Judge gives nod to NSA’s data gathering
Ruling is at odds with D.C. decision
A federal judge in New York ruled yesterday that the massive collection of domestic telephone data brought to light by former National Security Agency contractor Edward Snowden is lawful, rejecting a challenge to the program by the American Civil Liberties Union.
The decision marked a victory for the government less than two weeks after a District of Columbia federal judge ruled against it, finding that the NSA’s program was almost certainly unconstitutional. If the split in rulings continues through the appeals process, it is likely the Supreme Court will have to decide the issue.
In a 53-page opinion, U.S. District Judge William Pauley III said yesterday that the program, which collects virtually all Americans’ phone records, represents the U.S. government’s “counter-punch” to eliminate the al-Qaida terrorist network and does not violate the Fourth Amendment, which prohibits unreasonable search and seizure.
Pauley endorsed the assertion made by government officials that if the United States had the phone data collection program before 2001, they might have had a better chance at preventing the Sept. 11 attacks.
“The government learned from its mistake and adapted to confront a new enemy: a terror network capable of orchestrating attacks across the world,” Pauley wrote. “It launched a number of counter-measures, including a bulk telephony metadata collection program – a wide net that could find and isolate gossamer contacts among suspected terrorists in an ocean of seemingly disconnected data.”
He added: “This blunt tool only works because it collects everything.”
Justice Department spokesman Peter Carr said the government is “pleased the court found the NSA’s bulk telephony metadata collection program to be lawful.”
In a statement, the ACLU said it intended to appeal the case to the U.S. Court of Appeals for the 2nd Circuit.
“We are extremely disappointed with this decision, which misinterprets the relevant statutes, understates the privacy implications of the government’s surveillance and misapplies a narrow and outdated precedent to read away core constitutional protections,” said Jameel Jaffer, an ACLU deputy legal director.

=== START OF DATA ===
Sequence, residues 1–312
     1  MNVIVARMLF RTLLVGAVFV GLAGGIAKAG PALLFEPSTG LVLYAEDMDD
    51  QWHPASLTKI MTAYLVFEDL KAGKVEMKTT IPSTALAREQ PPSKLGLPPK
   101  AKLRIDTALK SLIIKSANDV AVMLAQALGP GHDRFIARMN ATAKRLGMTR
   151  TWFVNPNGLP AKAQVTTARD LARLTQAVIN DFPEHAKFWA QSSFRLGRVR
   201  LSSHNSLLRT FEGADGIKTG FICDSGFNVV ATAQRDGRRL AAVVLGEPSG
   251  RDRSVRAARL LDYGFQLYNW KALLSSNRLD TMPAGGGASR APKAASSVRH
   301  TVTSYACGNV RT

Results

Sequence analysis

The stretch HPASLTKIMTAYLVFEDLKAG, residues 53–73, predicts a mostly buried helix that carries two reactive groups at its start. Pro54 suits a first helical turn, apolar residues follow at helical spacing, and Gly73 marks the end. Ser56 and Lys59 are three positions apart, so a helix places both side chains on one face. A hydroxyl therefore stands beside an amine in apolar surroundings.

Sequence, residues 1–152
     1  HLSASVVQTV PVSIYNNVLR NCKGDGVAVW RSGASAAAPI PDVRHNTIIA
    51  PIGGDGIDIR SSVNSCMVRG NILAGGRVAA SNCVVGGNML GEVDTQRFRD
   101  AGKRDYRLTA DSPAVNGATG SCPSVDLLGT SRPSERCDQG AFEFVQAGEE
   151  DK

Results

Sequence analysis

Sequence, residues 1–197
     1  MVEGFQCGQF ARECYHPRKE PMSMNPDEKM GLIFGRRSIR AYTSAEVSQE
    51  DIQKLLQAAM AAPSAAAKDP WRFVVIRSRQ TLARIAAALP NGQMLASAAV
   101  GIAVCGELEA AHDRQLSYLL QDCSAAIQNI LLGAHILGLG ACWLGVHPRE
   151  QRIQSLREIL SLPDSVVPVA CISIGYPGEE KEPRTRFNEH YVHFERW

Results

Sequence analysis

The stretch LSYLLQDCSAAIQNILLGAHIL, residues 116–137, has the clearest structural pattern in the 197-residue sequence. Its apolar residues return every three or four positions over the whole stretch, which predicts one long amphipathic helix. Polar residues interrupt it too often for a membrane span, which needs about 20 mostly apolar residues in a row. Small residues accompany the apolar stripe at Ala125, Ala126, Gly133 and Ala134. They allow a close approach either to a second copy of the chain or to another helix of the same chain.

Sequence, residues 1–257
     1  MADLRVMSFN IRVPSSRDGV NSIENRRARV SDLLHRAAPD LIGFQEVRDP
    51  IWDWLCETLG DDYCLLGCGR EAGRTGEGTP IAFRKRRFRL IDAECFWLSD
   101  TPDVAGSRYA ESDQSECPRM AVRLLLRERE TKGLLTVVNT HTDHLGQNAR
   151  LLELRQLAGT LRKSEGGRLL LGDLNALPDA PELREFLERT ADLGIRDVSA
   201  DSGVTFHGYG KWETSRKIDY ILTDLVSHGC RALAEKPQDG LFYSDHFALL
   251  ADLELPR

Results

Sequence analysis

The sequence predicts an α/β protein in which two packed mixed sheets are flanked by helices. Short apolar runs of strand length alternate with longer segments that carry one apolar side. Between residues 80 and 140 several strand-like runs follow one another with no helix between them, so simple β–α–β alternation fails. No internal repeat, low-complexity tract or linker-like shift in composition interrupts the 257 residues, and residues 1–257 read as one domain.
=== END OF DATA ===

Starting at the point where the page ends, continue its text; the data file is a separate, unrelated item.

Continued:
The ACLU filed its lawsuit June 11, just days after the telephone data collection program was revealed by Britain’s Guardian newspaper, based on documents obtained from Snowden.
In granting the government’s motion to dismiss the case, ACLU v. Clapper, Pauley said that the sweeping collection of phone records is lawful under Section 215 of the Patriot Act and under the Fourth Amendment. But he added that the issue of whether the program should be conducted is “for the other two coordinate branches of Government to decide.” The ACLU brought the suit against James Clapper, the director of national intelligence.
The NSA program collects records of the numbers that Americans call and the duration of those calls, but not content. Civil liberties advocates have argued that the collection and storage of that data represent a violation of Americans’ right to privacy.
The government has based its legal justification for the program on a 1979 case, Smith v. Maryland, in which the Supreme Court found Americans have no expectation of privacy in the telephone metadata that companies hold as business records and ruled that a warrant is not required to obtain such information.
In a series of decisions made in secret since 2006, judges on the Foreign Intelligence Surveillance Court, which hears only the government’s side of cases, also held that the program is lawful.
In a Dec. 16 ruling, however, a District of Columbia federal judge rejected the government’s arguments in a strongly worded ruling that said the program “infringes on ‘that degree of privacy’ that the founders enshrined in the Fourth Amendment.”
In that opinion in the case Klayman v. Obama, U.S. District Judge Richard Leon granted a request for an injunction that blocked the collection of the phone data of conservative legal activist Larry Klayman. Klayman brought his lawsuit against the president with a co-plaintiff, Charles Strange, the father of Michael Strange, a slain Navy cryptologic technician who was killed with a SEAL team in a helicopter crash in Afghanistan.
Leon stayed his ruling to give the government time to appeal. Leon was nominated to the U.S. District Court in Washington in 2002 by President George W. Bush, while Pauley, who upheld the NSA program, was nominated to the U.S. District Court for the Southern District of New York in 1998 by President Bill Clinton.
“Judge Leon’s ruling is a dream ruling for the ACLU. And Judge Pauley’s opinion is the dream ruling for the NSA,” said Orin Kerr, a law professor at George Washington University. “Substantively and rhetorically, they are really different. Point and counterpoint.”
Kerr also said that the appellate precedents are different in Washington and in New York, so that both courts could be correct on their interpretation of Fourth Amendment issues for their jurisdictions.
“Both of the opinions are just grist for the mill for the appeals courts,” Kerr said.
As the issue plays out in the courts, Congress is debating whether the NSA’s powers should be curtailed. A panel appointed by President Obama recommended that the NSA should no longer store the data. Obama said that in January he will make a statement on what NSA reforms he supports.